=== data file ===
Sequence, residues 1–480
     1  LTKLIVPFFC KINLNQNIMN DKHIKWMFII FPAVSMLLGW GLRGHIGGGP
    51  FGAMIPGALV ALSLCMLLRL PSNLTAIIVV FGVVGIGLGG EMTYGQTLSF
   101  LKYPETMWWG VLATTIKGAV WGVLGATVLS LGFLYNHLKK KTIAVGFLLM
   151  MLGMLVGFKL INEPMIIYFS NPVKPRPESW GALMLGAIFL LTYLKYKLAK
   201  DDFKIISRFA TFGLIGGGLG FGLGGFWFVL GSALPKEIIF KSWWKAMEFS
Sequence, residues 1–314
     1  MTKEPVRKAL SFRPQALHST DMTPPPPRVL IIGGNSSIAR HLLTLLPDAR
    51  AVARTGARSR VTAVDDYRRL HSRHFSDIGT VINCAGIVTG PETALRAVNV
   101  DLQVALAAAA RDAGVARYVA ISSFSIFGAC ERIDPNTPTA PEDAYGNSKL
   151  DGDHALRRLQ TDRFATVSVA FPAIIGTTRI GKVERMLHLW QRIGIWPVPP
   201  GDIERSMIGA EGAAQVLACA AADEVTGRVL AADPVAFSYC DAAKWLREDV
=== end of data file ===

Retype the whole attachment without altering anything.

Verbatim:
Sequence, residues 1–480
     1  LTKLIVPFFC KINLNQNIMN DKHIKWMFII FPAVSMLLGW GLRGHIGGGP
    51  FGAMIPGALV ALSLCMLLRL PSNLTAIIVV FGVVGIGLGG EMTYGQTLSF
   101  LKYPETMWWG VLATTIKGAV WGVLGATVLS LGFLYNHLKK KTIAVGFLLM
   151  MLGMLVGFKL INEPMIIYFS NPVKPRPESW GALMLGAIFL LTYLKYKLAK
   201  DDFKIISRFA TFGLIGGGLG FGLGGFWFVL GSALPKEIIF KSWWKAMEFS
Sequence, residues 1–314
     1  MTKEPVRKAL SFRPQALHST DMTPPPPRVL IIGGNSSIAR HLLTLLPDAR
    51  AVARTGARSR VTAVDDYRRL HSRHFSDIGT VINCAGIVTG PETALRAVNV
   101  DLQVALAAAA RDAGVARYVA ISSFSIFGAC ERIDPNTPTA PEDAYGNSKL
   151  DGDHALRRLQ TDRFATVSVA FPAIIGTTRI GKVERMLHLW QRIGIWPVPP
   201  GDIERSMIGA EGAAQVLACA AADEVTGRVL AADPVAFSYC DAAKWLREDV